Review by Stephen W. Hiemstra
Why does anyone care about theology, the study of God? In our thoroughly secular society, God would seem to be irrelevant, yet these are not happy times. Suicide rates have recently reached record levels and life expectancy went down last year in America for the first time driven by increases in death rates from preventable causes. If your faith is in the basic goodness of human beings, why is nuclear war an increasing worry? If your faith is in rational decision-making and technology, why Is life expectancy declining here in America due to preventable causes? As the presumptions of secular society have proven to be at best false and at worse idolatrous, turning to God and the study of his ways might seem a sensible response.
In his recent book, Making Sense of God, Timothy Keller sets forth these objectives:
“…I will compare and contrast how Christianity and secularism … seek to provide meaning, satisfaction, freedom, identity, a moral compass, and hope—all things so crucial that we cannot live life without them. I will be arguing that Christianity makes the most emotional and cultural sense…” (4-5)
A bit later he addresses his target audience: “If you think that Christianity doesn’t hold much promise of making sense to a thinking person, then this book is written for you.” (5) Keller writes in three parts: (1) Why does anyone need religion? (2) Religion is more than you think it is; and (3) Christianity makes sense. (vii-viii)
This review is written in three parts that correspond roughly to Keller’s own divisions. The first part will, in addition, provide an overview of the book.
Who is Timothy Keller?
Timothy Keller founded Redeemer Presbyterian Church (PCA) in Manhattan, New York in 1989. While many pastors have founded churches in recent years, Keller stands out for having successfully witnessed to young, urban professionals with a faithful message, something thought inconceivable until he did it. He writes prolificly about Christian apologetics and his writing is passionately followed by young pastors and seminarians interested in urban ministry. He grew up in Pennsylvania, attended Bucknell University (BS), Gordon-Conwell Theological Seminary (MDiv), and Westminster Theological Seminary (PhD).
Keller distinguishes three uses of the word secular. In the first, a secular society is one that separates religion from the state, as is true in most Western countries. In the second, a secular person focuses on the material world and is skeptical that anything exists outside it. Finally, a secular culture focuses on the present, material reality and “meaning in life, guidance, and happiness are understood and sought in present-time economic prosperity, material comfort, and emotional fulfillment.” In a secular culture, even people professing faith may not act on it in making significant life decisions. (2-3)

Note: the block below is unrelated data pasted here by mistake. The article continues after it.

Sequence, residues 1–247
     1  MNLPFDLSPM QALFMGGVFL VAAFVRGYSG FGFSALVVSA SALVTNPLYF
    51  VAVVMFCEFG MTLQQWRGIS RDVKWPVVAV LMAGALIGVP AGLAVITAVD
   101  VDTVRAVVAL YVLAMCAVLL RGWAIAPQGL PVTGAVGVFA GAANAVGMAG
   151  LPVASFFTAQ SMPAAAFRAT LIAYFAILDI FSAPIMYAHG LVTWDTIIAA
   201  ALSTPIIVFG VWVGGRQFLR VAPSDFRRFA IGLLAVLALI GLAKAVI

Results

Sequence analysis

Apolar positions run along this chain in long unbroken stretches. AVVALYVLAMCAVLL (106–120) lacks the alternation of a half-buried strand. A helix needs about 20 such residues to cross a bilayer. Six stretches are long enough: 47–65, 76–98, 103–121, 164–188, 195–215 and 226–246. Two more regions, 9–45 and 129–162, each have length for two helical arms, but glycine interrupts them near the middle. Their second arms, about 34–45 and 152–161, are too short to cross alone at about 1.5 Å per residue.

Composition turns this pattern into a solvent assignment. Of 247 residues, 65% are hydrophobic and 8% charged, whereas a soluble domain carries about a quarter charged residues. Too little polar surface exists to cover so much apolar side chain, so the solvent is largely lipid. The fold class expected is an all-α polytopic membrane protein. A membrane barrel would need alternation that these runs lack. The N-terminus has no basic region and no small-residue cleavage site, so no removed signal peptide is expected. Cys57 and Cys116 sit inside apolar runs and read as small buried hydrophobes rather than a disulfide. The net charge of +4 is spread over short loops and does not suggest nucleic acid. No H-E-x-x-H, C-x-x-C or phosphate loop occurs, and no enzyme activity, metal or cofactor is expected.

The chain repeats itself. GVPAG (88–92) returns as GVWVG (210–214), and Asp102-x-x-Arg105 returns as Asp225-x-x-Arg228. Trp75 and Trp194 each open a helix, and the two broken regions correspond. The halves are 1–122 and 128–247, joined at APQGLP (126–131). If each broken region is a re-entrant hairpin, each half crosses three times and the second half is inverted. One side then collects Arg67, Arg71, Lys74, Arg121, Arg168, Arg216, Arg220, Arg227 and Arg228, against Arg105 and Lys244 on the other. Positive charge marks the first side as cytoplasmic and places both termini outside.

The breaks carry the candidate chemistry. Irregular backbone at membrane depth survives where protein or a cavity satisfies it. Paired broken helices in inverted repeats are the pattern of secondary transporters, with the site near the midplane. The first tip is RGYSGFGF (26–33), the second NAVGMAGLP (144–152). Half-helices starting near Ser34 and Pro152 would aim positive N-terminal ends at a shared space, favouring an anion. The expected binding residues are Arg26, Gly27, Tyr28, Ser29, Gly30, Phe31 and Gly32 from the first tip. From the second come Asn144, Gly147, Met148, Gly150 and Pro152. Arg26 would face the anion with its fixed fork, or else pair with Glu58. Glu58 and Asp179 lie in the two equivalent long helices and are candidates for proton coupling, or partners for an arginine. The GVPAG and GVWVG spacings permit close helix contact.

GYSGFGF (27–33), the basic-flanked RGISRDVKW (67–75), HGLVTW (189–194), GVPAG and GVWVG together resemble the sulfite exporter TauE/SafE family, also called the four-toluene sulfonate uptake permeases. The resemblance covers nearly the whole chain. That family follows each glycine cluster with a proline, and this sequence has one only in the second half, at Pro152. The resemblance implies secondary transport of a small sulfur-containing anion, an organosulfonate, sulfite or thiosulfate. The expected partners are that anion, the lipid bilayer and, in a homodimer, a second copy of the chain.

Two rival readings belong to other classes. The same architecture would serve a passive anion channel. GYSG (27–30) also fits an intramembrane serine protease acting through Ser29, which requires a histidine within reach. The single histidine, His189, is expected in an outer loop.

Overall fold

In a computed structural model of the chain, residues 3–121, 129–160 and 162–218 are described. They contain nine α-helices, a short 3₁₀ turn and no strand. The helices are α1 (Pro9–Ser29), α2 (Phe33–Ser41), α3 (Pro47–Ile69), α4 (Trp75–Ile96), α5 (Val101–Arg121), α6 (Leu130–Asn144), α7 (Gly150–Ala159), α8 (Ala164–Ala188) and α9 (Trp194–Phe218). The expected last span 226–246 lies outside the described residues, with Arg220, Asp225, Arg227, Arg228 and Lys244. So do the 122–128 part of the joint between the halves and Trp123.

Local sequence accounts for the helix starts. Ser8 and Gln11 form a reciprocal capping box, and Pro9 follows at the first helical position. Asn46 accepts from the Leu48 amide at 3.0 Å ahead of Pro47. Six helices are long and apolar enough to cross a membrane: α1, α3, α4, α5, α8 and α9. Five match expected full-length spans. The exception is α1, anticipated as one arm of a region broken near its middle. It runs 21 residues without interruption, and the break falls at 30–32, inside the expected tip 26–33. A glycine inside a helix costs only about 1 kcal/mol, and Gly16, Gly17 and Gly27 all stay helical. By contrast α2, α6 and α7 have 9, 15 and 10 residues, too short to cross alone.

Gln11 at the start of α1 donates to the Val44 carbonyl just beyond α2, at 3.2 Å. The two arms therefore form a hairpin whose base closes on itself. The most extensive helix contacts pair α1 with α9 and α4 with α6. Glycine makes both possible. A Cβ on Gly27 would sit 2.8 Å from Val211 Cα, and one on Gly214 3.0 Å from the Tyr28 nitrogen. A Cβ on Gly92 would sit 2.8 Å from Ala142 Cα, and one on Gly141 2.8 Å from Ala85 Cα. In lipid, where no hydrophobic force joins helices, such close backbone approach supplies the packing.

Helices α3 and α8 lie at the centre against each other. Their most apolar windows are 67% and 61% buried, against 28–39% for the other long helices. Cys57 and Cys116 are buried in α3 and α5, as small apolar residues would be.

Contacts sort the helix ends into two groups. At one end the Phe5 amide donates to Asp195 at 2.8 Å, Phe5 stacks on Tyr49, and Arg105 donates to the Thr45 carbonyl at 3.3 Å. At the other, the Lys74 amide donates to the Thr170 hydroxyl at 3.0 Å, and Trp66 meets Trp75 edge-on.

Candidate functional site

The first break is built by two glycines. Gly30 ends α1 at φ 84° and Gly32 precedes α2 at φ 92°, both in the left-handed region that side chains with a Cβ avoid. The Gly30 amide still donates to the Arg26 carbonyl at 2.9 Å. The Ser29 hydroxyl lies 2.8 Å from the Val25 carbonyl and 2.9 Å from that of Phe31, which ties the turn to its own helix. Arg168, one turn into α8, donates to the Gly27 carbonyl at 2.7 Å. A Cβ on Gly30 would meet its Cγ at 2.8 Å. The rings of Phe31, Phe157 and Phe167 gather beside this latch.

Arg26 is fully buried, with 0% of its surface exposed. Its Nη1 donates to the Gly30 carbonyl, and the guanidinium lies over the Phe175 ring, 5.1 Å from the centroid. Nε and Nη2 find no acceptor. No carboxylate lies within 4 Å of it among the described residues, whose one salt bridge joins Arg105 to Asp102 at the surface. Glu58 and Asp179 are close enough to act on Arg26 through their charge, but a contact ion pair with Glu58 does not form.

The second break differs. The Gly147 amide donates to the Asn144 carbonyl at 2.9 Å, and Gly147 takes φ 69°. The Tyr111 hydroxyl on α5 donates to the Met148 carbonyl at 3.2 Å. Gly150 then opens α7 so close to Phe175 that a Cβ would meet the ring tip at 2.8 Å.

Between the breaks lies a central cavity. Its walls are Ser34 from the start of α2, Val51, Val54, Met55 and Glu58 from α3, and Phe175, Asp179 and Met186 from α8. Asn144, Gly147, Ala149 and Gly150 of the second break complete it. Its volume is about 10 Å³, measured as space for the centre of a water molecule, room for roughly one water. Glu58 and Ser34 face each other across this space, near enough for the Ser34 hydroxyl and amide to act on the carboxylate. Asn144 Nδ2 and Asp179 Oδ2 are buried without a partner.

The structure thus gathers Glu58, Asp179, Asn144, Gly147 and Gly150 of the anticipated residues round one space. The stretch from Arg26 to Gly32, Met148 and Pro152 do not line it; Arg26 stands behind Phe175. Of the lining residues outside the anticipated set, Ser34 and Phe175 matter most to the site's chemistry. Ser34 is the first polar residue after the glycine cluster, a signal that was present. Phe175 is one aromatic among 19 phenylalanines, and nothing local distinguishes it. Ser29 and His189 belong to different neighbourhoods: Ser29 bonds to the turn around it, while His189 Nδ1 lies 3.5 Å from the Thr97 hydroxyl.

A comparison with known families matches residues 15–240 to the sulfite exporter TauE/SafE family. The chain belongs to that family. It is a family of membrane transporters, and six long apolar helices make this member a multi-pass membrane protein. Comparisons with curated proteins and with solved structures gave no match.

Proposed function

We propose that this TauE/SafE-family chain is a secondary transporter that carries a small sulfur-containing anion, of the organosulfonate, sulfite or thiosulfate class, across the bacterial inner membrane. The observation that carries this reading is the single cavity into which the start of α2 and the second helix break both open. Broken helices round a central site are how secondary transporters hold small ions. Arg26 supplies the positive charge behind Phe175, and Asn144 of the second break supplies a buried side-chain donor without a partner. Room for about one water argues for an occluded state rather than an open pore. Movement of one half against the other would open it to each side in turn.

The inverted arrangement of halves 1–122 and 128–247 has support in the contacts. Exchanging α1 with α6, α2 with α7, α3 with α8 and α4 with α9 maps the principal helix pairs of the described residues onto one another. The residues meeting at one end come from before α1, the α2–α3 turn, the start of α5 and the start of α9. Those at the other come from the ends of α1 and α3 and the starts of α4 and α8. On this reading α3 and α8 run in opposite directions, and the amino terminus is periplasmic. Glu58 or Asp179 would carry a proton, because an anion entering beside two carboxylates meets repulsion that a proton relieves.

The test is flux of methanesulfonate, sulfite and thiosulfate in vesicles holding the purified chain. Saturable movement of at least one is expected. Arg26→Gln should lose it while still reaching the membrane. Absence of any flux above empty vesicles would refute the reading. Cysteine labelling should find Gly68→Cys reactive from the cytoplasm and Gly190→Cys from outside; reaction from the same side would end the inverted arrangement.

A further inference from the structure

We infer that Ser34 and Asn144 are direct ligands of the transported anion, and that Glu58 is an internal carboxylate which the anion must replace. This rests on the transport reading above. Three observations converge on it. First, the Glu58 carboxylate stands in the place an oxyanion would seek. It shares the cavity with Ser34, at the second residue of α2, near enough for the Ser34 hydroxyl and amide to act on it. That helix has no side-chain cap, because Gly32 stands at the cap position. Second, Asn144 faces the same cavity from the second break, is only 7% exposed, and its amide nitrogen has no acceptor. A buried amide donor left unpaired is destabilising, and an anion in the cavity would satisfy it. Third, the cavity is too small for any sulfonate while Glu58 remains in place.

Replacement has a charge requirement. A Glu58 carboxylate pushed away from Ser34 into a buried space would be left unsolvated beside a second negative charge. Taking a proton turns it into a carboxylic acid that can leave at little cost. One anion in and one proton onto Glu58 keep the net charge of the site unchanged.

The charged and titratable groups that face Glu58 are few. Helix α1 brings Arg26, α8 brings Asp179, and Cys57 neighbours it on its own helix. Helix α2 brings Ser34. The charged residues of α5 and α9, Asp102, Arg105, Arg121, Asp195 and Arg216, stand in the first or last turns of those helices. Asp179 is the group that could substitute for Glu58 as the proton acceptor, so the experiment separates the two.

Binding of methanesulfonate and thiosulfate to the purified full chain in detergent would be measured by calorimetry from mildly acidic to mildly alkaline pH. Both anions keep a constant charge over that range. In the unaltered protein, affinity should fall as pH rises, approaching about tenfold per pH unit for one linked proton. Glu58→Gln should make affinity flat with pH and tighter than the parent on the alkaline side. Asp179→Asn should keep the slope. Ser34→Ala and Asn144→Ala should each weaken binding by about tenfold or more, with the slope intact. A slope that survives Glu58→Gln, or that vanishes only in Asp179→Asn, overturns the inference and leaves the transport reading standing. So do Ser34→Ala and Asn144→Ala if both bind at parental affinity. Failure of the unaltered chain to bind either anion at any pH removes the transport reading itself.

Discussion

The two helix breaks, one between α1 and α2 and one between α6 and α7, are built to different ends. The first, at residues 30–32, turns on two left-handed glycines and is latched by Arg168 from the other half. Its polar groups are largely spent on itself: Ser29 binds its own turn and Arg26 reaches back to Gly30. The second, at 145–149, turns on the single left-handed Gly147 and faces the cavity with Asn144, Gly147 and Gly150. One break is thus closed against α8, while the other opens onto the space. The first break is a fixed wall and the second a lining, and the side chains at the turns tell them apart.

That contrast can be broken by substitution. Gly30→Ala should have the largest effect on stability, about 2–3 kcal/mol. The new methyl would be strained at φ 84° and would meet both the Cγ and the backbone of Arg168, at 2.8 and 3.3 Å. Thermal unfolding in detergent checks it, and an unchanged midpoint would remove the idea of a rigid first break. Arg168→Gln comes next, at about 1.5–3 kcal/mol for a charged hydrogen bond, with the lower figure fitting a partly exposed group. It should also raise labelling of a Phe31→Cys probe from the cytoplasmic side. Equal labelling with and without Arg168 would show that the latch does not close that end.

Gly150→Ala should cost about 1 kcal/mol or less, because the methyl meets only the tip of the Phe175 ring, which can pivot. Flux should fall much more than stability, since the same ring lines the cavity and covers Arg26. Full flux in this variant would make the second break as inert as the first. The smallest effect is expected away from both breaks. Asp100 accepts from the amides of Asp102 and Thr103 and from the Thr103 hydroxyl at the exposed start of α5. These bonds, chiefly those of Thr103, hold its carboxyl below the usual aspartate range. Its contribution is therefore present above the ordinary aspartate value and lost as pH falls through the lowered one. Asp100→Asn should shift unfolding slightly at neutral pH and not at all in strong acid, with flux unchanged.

In this sense, secularism is an atheistic religion, one of many, because God no longer occupies first priority in the lives of secular people, regardless of their professed religion.
Why Does Anyone Need Religion?
While the number of cultural Christians continues to decline in the U.S., the number of devote Christians continues to grow here and abroad. Why? Keller offers two reasons:
“…many people find secular reason to have ‘things missing’ from it that are necessary to live life well. Another explanation is that great numbers of people intuitively sense a transcendent realm beyond the natural world.” (11).
Secular postmodernism asserts many rights, such as human rights, that are a legacy of Christian morality, but it has no justification for maintaining them outside the Christian tradition. For the Jew or the Christian, human rights make perfect sense because they believe that we are created in the image of God (Gen 1:27), but for the Marxist, who does not believe God exists and believes that all rights are conferred by the state, such logic seems meaningless. Citing Habermas, Keller writes:
“The ideals of freedom…of conscience, human rights and democracy [are] the direct legacy of the Judaic ethic of justice and the Christian ethic of love…To this day, there is no alternative to it.” (13)
For the radical individualist, the absence of any moral obligation beyond the individual leaves no philosophical justification for human rights yet most assert human rights should be respected without a justification. Passing a law to assert disembodied values can certainly be done, but what happens when an evil coalition passes contrary laws? Many people have sensed that something important is missing and have come to see faith in God as essential to maintaining a just society.
A Sense of Transcendence
The sense of transcendence becomes obvious when contemplating the limits of the material world. Keller writes:
“Steve Jobs, when contemplating his own death, confessed that he felt that ‘it’s strange to think that you accumulate all this experience…and it just goes away. So I really want to believe that something survives, that maybe your consciousness endures.” (16)
In my own experience, I came to understand that even nihilism, complete denial of the existence of God, points itself to God because the human heart refuses to live without hope.
Timothy Keller’s book, Making Sense of God, is a jewel. It answers better than most books focused on apologetics some of the basic concerns of our age. In parts two and three of this review, I will turn to Keller’s other two concerns: why religion is more than you think it is and how Christianity makes sense.
Habermas, Jürgen. 2006. Time of Transitions. UK: Cambridge.
Tim Keller Makes Sense, Part 1
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